Emphysema quantification by low-dose CT: Potential impact of adaptive iterative dose reduction using 3D processing

Mizuho Nishio, Sumiaki Matsumoto, Yoshiharu Ohno, Naoki Sugihara, Hiroyasu Inokawa, Takeshi Yoshikawa, Kazuro Sugimura

Research output: Contribution to journalArticlepeer-review

38 Citations (Scopus)

Abstract

OBJECTIVE. The purpose of this study is to investigate the effect of a novel reconstruction algorithm, adaptive iterative dose reduction using 3D processing, on emphysema quantification by low-dose CT. MATERIALS AND METHODS. Twenty-six patients who had undergone standarddose (150 mAs) and low-dose (25 mAs) CT scans were included in this retrospective study. Emphysema was quantified by several quantitative measures, including emphysema index given by the percentage of lung region with low attenuation (lower than -950 HU), the 15th percentile of lung density, and size distribution of low-attenuation lung regions, on standarddose CT images reconstructed without adaptive iterative dose reduction using 3D processing and on low-dose CT images reconstructed both without and with adaptive iterative dose reduction using 3D processing. The Bland-Altman analysis was used to assess whether the agreement between emphysema quantifications on low-dose CT and on standard-dose CT was improved by the use of adaptive iterative dose reduction using 3D processing. RESULTS. For the emphysema index, the mean differences between measurements on low-dose CT and on standard-dose CT were 1.98% without and -0.946% with the use of adaptive iterative dose reduction using 3D processing. For 15th percentile of lung density, the mean differences without and with adaptive iterative dose reduction using 3D processing were -6.67 and 1.28 HU, respectively. For the size distribution of low-attenuation lung regions, the ranges of the mean relative differences without and with adaptive iterative dose reduction using 3D processing were 21.4-85.5% and -14.1% to 11.2%, respectively. For 15th percentile of lung density and the size distribution of low-attenuation lung regions, the agreement was thus improved by the use of adaptive iterative dose reduction using 3D processing. CONCLUSION. The use of adaptive iterative dose reduction using 3D processing resulted in greater consistency of emphysema quantification by low-dose CT, with quantification by standard-dose CT.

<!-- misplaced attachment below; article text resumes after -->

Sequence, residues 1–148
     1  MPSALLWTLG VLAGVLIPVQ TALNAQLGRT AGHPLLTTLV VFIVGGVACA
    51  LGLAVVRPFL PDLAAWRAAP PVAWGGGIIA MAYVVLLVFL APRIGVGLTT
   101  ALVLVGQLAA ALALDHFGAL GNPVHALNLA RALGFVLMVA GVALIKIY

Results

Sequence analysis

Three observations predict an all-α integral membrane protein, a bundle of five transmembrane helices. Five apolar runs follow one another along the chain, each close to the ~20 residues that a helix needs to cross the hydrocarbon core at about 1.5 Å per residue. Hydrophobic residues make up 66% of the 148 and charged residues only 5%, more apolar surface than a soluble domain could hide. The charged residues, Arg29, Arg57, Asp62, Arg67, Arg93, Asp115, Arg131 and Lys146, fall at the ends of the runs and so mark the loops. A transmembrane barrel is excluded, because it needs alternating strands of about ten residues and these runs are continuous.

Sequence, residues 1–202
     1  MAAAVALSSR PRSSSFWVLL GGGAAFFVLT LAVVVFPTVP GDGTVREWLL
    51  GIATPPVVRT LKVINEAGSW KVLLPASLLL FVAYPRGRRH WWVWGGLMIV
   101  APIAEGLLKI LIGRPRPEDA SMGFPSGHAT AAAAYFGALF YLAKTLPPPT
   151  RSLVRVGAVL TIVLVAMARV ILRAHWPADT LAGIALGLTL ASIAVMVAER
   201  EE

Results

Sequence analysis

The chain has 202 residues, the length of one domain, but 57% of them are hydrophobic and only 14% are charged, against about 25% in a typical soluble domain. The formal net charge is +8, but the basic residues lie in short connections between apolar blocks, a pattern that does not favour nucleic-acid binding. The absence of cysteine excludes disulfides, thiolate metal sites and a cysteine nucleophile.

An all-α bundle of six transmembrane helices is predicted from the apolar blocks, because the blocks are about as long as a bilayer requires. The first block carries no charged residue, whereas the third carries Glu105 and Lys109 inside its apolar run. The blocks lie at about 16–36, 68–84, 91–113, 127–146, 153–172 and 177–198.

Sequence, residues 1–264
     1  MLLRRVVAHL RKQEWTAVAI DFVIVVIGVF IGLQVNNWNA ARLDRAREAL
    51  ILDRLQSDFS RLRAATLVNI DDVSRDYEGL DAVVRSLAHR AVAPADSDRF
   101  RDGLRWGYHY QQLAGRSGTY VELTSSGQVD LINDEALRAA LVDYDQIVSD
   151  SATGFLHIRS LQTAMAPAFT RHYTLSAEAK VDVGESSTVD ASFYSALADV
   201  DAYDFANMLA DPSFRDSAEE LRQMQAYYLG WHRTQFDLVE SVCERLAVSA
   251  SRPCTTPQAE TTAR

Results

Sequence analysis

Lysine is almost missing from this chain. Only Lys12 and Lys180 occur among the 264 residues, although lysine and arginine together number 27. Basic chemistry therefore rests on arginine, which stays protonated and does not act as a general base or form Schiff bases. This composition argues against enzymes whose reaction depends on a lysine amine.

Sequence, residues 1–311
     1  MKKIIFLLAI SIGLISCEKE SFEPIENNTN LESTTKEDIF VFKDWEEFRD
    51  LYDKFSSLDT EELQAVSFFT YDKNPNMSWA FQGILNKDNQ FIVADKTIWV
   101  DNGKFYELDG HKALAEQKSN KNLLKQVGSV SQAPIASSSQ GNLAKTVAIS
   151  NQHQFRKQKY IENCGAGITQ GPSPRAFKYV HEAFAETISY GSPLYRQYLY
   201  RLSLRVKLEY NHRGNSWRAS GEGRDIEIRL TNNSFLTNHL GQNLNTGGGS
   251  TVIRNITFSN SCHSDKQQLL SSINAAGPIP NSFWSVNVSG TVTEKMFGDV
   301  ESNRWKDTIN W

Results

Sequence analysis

Original languageEnglish
Pages (from-to)595-601
Number of pages7
JournalAmerican Journal of Roentgenology
Volume199
Issue number3
DOIs
Publication statusPublished - 09-2012
Externally publishedYes

All Science Journal Classification (ASJC) codes

  • Radiology Nuclear Medicine and imaging

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